Welcome to the Run Where I Live tour!

The San Francisco Bay Area is a runner’s paradise. The City itself is filled with so many places to run. Like big hills? I don’t. But if you pick any street with a cable car, such as Powell, you are guaranteed to run up a major hill. (If you’ve got some free time and want even bigger hills, drive over to Tiburon and run through the neighborhoods.) Prefer a flat course? Run The Embarcadero. You can start at the Ferry Building (a major landmark) and head East, running past and around AT&T Park, home of the Giants. I particularly like this stretch at night when there is a ballgame, or just to see the East Bay Bridge lit up at night. The Embarcadero is a popular spot, so you’re sure to run past other runners. Another popular spot to run is the trail through Chrissy Field and Fort Mason; it is connected to the path up and through The Presidio and up to the Golden Gate Bridge. You can opt for a flatter run through Chrissy Field, or take the hills through The Presidio and Fort Mason. You can park at or near Sports Basement, which hosts a number of running groups (check the calendar) and is an excellent source for running supplies from socks to fuel to shoes and everything in between.

Running is very popular in the Presidio, Chrissy Field, and oh yeah, we have a bridge. (Picture of the starting line for Run 10 Feed 10 2014)
Running is very popular in the Presidio, Chrissy Field, and oh yeah, we have a bridge. (Picture of the starting line for Run 10 Feed 10 2014)

The San Francisco Bay Trail is a project that aims to connect a loop all the way around the Bay. It’s not there yet, but it does provide 500 miles of gorgeous views from relatively flat trails. You can download maps, narratives, and more information than you ever wanted to know by visiting the official website. While you can buy maps at various locations, your smart phone should be more than sufficient to get you where you need to go—and if you plan to do an out-and-back, you don’t need more than directions to the starting point–or you can just check out the map of the whole trail. The parts that are NOT in San Francisco are pretty amazing.

Alameda: Bay Farm Island

Since I live in Alameda, I’m partial to the Alameda portion of the trail. The easiest place to find parking is probably near the Alameda ferry terminal; if you’re taking public transit to Alameda, the ferry is the only direct connection to San Francisco. (I don’t park there, so use your favorite mapping app to find it.) Since I work at the Harbor Bay Club, I tend to park near the dead end of Packet Landing Road and walk the few feet from the dead end to the trail; if I go for a run after I teach 6 a.m. Monday yoga, I share the trail with some cyclists, a few other runners, some walkers, and locals walking their dogs. (To get to Packing Landing Road from 880, exit High Street towards Alameda—that’s right if you are going South, and left if you are head North. After you cross the bridge into Alameda, BEWARE! The speed limit is 25!! Continue on High Street until Otis Drive, then turn left onto Otis Drive. Follow Otis as it curves around to the right, and cross the bridge to Bay Farm Island. Take the very first right available after you cross the bridge, to Island Drive. Turn right at the first light, onto Robert Davey Jr. and then turn right again (there’s a light) onto Packet Landing Road.)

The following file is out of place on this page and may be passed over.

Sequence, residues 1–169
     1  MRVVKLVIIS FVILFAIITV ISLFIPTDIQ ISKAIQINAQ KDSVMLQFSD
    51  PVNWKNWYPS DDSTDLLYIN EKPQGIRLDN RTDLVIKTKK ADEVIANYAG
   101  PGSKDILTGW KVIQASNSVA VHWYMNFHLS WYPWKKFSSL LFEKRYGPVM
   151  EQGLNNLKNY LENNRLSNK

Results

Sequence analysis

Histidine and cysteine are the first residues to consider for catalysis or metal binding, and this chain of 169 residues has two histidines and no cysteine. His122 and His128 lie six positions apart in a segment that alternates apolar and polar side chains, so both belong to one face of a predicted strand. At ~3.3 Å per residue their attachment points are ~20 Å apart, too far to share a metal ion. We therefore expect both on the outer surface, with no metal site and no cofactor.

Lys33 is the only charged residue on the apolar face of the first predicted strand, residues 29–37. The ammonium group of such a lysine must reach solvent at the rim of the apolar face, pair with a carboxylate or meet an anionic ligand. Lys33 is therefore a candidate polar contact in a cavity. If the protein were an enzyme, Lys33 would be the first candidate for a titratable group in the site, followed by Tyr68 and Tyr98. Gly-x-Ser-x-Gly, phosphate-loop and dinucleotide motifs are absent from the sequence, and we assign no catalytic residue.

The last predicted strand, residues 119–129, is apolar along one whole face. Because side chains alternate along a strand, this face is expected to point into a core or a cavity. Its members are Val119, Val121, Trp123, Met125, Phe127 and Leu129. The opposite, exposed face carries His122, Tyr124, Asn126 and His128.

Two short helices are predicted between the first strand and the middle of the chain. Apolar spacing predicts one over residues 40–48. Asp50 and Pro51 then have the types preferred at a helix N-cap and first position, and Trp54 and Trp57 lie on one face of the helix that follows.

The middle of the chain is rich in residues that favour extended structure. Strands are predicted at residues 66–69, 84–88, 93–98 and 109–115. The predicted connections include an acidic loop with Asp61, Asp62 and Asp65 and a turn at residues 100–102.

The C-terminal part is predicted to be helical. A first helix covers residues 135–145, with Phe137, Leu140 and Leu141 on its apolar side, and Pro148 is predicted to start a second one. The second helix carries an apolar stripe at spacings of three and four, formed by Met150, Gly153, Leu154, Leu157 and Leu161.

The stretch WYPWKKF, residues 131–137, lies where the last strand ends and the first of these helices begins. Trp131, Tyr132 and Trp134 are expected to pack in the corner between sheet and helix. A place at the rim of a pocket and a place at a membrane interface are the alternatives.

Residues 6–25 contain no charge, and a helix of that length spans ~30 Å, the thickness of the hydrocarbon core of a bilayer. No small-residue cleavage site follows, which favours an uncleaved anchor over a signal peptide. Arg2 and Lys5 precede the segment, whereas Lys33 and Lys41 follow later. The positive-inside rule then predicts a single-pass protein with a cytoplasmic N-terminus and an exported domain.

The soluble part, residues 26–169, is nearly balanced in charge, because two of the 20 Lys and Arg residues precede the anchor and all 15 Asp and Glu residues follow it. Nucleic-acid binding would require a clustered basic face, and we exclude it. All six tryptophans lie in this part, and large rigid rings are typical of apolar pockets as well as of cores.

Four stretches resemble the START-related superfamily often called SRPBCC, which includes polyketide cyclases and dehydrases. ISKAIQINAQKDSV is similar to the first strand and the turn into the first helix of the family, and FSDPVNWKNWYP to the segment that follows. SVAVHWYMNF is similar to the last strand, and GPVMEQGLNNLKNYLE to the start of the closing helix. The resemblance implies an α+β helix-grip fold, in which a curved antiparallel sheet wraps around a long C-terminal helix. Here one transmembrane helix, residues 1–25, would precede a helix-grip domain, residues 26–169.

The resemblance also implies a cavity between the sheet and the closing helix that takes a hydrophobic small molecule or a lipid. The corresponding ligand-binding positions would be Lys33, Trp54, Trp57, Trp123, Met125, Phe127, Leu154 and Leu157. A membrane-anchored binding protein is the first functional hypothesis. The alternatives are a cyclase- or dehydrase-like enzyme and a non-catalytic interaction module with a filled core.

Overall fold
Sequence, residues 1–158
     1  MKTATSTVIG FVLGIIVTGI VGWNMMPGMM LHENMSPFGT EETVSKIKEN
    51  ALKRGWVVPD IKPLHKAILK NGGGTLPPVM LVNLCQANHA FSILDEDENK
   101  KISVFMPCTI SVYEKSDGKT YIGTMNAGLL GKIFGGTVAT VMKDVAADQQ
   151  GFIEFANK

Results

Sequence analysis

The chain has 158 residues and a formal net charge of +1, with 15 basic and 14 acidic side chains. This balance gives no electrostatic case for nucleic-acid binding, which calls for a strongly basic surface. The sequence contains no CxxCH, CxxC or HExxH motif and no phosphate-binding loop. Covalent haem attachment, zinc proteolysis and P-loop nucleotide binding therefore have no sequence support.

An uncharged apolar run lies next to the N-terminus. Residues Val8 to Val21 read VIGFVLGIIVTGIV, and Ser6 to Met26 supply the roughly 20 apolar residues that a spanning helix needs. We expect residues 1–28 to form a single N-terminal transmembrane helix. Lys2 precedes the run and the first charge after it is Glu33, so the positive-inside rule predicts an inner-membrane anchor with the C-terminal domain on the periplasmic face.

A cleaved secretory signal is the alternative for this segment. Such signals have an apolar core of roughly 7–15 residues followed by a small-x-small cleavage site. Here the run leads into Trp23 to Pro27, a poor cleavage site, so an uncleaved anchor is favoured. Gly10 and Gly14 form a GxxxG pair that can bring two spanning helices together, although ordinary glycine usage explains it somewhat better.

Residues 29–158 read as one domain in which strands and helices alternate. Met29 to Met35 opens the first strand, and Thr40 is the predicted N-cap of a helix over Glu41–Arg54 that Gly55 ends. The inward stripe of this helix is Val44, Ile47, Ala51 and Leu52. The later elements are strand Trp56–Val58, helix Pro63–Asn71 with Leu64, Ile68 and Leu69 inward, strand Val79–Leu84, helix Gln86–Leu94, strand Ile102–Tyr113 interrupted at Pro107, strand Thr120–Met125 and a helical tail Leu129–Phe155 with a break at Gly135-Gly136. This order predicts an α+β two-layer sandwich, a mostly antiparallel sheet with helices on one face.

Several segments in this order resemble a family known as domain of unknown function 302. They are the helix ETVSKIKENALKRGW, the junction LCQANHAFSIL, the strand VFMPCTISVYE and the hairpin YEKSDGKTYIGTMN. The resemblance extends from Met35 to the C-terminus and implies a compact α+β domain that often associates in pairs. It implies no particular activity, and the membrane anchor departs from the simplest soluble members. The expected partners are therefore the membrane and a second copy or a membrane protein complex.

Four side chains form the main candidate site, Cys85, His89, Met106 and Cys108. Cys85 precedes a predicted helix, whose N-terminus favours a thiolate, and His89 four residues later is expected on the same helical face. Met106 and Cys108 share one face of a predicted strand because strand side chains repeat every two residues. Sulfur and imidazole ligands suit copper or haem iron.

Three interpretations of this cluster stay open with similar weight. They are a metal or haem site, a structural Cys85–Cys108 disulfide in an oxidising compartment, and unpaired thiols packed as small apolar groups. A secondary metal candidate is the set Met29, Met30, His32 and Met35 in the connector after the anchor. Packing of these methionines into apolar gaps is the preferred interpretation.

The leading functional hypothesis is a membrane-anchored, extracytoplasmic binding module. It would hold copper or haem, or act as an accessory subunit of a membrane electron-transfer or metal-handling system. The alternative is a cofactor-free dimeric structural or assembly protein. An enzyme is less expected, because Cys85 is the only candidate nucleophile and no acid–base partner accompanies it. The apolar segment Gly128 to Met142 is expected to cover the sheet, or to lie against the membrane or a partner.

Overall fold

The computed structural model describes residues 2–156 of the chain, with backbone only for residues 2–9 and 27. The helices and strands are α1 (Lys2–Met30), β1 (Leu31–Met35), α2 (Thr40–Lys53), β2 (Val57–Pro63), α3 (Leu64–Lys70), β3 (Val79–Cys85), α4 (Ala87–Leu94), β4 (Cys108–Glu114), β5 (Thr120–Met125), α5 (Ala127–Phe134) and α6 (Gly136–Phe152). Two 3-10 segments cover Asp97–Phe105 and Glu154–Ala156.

Packet Landing is a dead end street. I park in the road, walk to the end of Packet Landing until I hit the trail, then I head to the left, which gives me a view of both San Francisco and Oakland as the sun rises behind me. You’ll run past little parklets and inlets, through to the ferry landing and parking lot. If you run this in the morning you should pack sunglasses—the sun will be in your face as you run back to Packet Landing Road.

View of the city (and Karl The Fog) from the Bay Trail, Bay Farm Island, Alameda
View of the city (and Karl The Fog) from the Bay Trail, Bay Farm Island, Alameda

You can also opt to run right from the end of Packet Landing, as the Bay Trail stretches in both directions. As you come to the bridge from Bay Farm Island (where Packet Landing Road is) to Alameda’s original island, you can choose to either run over the bridge (there’s a separate pedestrian/bike bridge) or continue around Bay Farm Island. I like to run around Bay Farm, as the trail starts to get a little tiny bit hillier, through protected parkland filled with chirpy birds, and eventually to the model airplane field. If you choose to take the bridge, bear left after you cross (crossing the street with care and WITH the light) to stay on the Bay Trail.

Standing at the end of Packet Landing Road, looking down the trail towards the bridge between Alameda and Bay Farm Island.
Standing at the end of Packet Landing Road, looking down the trail towards the bridge between Alameda and Bay Farm Island.


Another option is to start on Shoreline Drive, on the main island of Alameda. This is where I live, so I tend to start here and then choose to either run to Bay Farm and back, or to run into the sunset until the sun is gone and then turn around and go home. You can run through Crown Memorial Regional Shoreline, and along the edge of the commercial South Shore Center. There is a ton of (free) on-street parking in this area as well. I live about a mile away, and I love to do evening runs on this path so I can watch the sun set over San Francisco.